Bus passengers were so annoyed by new automated safety messages that King County Metro scrapped them after just two days.
It took King County Metro Transit only two days to scrap a series of automated safety messages, after more than 100 passengers griped on social media and others complained to bus drivers last weekend.
The voice loop told riders in English, Spanish and Mandarin Chinese to “hold on,” to “stay behind the yellow line” at the front of the bus, and that “illegal activities are recorded and reviewed.”
Passengers became annoyed at hearing the warnings whenever the bus departed a stop on Saturday and Sunday.
By Monday morning they were to be removed, said the agency’s Metro Matters blog, which apologized to its 400,000 customers. Metro left the door open (so to speak) to bring back a less-intrusive version.
Most Read Local Stories
- Are your neighbors getting vaccinated against COVID-19? Take an area-by-area look in King County
- Even with vaccines, COVID will always be with us; here's why
- Coronavirus daily news updates, May 10: What to know today about COVID-19 in the Seattle area, Washington state and the world
- Here are the top contenders in the 2021 Seattle mayoral race
- Warm, sunny, sneezy weather ahead in Seattle area
The public-service announcements were suggested by Metro’s safety division, said spokesman Jeff Switzer, in hopes of reducing injuries when passengers fall or are knocked over when a bus suddenly brakes or accelerates. Some transit systems elsewhere use similar onboard safety reminders.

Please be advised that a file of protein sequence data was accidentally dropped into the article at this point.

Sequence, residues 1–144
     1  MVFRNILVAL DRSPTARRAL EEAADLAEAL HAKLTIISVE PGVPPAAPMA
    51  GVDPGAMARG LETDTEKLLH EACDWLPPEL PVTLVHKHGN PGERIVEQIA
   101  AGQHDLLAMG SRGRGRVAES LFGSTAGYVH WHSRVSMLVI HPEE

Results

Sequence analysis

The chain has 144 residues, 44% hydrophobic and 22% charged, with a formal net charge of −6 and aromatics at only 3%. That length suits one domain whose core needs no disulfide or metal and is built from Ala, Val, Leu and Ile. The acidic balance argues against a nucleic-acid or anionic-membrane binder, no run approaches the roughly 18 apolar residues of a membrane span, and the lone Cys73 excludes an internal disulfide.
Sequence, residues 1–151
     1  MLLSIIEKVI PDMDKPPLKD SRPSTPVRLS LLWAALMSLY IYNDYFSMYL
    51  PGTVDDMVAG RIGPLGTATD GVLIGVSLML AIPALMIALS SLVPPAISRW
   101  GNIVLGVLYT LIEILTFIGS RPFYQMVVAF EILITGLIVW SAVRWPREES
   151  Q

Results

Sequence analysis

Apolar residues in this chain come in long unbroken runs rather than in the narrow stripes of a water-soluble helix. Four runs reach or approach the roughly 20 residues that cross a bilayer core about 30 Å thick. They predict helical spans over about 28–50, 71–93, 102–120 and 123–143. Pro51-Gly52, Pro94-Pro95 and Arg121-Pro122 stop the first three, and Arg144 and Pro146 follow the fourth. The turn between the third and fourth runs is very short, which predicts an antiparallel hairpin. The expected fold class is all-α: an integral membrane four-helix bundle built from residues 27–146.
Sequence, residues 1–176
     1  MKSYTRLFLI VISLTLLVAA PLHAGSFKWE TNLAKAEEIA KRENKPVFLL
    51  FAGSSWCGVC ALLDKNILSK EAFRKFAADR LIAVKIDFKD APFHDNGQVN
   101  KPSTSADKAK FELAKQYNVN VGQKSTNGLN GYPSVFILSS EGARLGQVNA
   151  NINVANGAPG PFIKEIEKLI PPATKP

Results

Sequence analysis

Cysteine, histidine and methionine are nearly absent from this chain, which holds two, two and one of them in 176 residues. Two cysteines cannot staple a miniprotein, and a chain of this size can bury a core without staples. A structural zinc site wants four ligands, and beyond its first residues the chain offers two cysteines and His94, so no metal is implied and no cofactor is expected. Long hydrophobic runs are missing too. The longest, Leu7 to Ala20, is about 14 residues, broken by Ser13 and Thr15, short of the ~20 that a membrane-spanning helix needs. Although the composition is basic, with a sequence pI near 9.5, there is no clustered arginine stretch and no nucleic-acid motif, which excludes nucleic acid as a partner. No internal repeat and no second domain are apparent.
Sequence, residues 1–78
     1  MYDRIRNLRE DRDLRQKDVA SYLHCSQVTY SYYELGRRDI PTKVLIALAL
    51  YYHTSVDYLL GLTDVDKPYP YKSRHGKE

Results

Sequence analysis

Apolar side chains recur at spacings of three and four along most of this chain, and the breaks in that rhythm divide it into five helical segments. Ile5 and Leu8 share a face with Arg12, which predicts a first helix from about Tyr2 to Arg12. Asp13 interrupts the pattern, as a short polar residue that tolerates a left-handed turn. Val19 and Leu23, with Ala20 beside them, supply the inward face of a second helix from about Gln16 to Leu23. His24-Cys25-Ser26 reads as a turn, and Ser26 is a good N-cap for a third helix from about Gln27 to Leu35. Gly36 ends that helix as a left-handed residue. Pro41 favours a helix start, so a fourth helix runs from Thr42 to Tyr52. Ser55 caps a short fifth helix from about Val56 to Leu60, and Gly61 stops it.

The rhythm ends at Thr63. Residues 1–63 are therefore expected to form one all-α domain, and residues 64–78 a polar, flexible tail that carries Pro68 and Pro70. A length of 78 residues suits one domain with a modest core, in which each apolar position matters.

Passenger falls cause not only physical injuries, but fiscal pain too.
Between January 2010 and June 2012, the county paid $2.8 million on 133 bodily injury claims ranging from $110 to $650,000, to bus passengers who fell during abrupt starts or stops, according to a spreadsheet published by Matt Rosenberg in his Public Data Ferret blog. These often result from a crash or a car suddenly cutting in front of a bus — but if internal investigators deem a fall “preventable,” such an accident sticks to a transit operator’s driving record.
Switzer said more riders are standing as buses become more crowded.
Metro continues to experiment with off-board safety notices, in which a voice warns pedestrians when a bus is turning, in English and Spanish.